WHOIS/Domain Expiry Check Basics

In this brief article, we will cover how to set up Whois/Domain Expiry checks, which monitor the domain registration and expiration period of a URL. An alert is sent prior to the domain registration expiring, OR if the domain registration (WHOIS) information has been modified.

Every website domain must be registered, with an established expiration date of typically one year. The Uptime.com WHOIS Check is designed to catch this expiration date, either by a user-defined number of days or by a default time period of 20 days.

Additionally, the WHOIS Check auto-generates WHOIS information from your domain. The WHOIS check will then detect any change in the current information registered with Uptime.com (which can be used to prevent hackers from hijacking your domain). 

Table of Contents

Adding Your First Whois/Domain Expiry Check


To add a new WHOIS Check, click Monitoring followed by Checks, and then Add New


Select WHOIS from the Check Type drop down menu. 


Name your check and assign any contacts that will receive alerts. The WHOIS Check type monitors once every 24 hours. 

Finally, enter the URL you wish to monitor into the URL field, and click Refresh to populate the WHOIS Info for that URL:


Use the Before Expiry field to define a threshold of the number of days until expiry before the check will alert you.

Please Note: The Response Time column for WHOIS will be displayed as Expires: [VALUE] days on both dashboards and status pages. 

Create a WHOIS Check with the Uptime.com API


Here is a cURL request to the POST endpoint to add a WHOIS Check using the default contact:

curl -X 'POST' \
  'https://uptime.com/api/v1/checks/add-whois/' \
-H 'Authorization: Token USERTOKENHERE' \

  -H 'accept: application/json' \
  -H 'Content-Type: application/json' \
  -d '{
  "name": "NAME",
  "contact_groups": [
  "locations": [
  "tags": [
  "is_paused": true,
  "msp_address": "URL.com",
  "msp_expect_string": "expires: YYYY-MM-DD nameservers: ns1.MYNS.com,ns2.MYNS.com,ns3.MYNS.com,ns4.MYNS.com registrar: MY REGISTRAR.",
  "msp_threshold": 20,
  "msp_num_retries": 2,
  "msp_uptime_sla": "0.99",
  "msp_notes": "Created with the Uptime.com API"

To use the above cURL command, fill in the check’s name in the NAME parameter and the URL to monitor in the msp_address parameter. You will also need to enter the Expect String to verify WHOIS details.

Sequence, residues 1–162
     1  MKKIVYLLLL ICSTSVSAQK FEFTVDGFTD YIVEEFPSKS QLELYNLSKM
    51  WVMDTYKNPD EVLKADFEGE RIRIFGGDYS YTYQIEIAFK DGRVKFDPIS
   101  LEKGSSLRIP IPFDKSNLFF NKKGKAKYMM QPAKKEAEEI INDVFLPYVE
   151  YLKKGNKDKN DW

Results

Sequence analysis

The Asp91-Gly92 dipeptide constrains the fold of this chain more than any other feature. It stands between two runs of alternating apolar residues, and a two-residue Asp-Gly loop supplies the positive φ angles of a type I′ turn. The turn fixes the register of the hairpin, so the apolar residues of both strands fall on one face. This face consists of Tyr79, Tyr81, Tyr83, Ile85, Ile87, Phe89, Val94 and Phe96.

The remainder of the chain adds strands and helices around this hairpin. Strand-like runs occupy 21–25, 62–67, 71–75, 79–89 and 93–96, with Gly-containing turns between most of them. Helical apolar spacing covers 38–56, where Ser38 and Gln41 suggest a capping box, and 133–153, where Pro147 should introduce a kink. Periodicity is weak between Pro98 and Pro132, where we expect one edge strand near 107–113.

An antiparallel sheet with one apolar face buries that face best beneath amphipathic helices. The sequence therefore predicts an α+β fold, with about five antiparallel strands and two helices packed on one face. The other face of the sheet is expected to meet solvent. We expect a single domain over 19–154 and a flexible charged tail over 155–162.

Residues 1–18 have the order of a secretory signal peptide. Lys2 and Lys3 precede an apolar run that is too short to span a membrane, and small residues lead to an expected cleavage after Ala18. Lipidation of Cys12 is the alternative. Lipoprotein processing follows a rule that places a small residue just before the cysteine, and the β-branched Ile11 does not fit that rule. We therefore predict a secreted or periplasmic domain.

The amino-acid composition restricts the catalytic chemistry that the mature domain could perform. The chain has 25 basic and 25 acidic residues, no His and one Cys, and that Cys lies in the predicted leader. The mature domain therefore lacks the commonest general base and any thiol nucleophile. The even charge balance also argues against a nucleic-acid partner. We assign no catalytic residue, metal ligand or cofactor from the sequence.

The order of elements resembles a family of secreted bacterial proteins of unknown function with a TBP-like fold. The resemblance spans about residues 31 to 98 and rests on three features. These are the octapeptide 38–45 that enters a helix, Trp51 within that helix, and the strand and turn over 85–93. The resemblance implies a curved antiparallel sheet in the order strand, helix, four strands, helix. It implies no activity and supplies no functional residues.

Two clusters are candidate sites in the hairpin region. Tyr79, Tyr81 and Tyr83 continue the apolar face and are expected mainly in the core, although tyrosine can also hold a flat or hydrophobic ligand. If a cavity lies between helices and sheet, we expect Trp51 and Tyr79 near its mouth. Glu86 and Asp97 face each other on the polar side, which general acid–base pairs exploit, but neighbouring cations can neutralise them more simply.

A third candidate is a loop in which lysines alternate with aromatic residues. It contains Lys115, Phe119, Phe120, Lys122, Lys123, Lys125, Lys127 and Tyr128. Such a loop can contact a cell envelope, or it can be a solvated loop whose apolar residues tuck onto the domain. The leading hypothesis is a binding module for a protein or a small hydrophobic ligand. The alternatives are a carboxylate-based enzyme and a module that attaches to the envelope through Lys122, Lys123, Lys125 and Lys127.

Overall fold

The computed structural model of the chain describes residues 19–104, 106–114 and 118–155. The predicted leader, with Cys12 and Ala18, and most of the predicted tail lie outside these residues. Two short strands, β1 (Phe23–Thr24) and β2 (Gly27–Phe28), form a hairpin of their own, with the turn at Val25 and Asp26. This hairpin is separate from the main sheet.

Note that is_paused in this example is set to TRUE, which indicates this check will be paused upon creation. 

Troubleshooting WHOIS Downtime


A WHOIS Check occurs once every 24 hours, unlike other Uptime.com checks that can occur minute-by-minute.

Uptime.com will send a downtime alert with either the date of expiry or the WHOIS information changes Uptime.com recorded.

First, confirm that your domain registration is available for your Top Level Domain (TLD) or subdomain. Then confirm that your domain is not set to expire within your check’s defined threshold

Next, check that your WHOIS information is consistent with what Uptime.com expects to see. Occasionally, a registrar will change business entities or names. Confirm the change with your registrar, then click the Refresh button below your WHOIS Info to refresh this information and resume the Check.

Failed Checks

When a Whois/Domain Expiry check fails, the contact will receive an email like the example below that highlights the server being checked, date, time, location, and the number of days until the Whois/Domain info will expire.    

The example below depicts a failure notice:


Finalizing Your Check


Before you finalize your check, click Run Test to verify your settings are returning the expected results. Only the Default Test Server is available for this check type’s testing. We also recommend using Run Test when your check is DOWN, and you have applied some change that should return the check to UP status. 


The check will return to UP status 24 hours after the alert was issued, assuming the test is successful and no other issues are detected. 

It’s helpful to familiarize yourself with ourField Explanation support article for a more detailed breakdown of the terminology you might encounter using the tool. 

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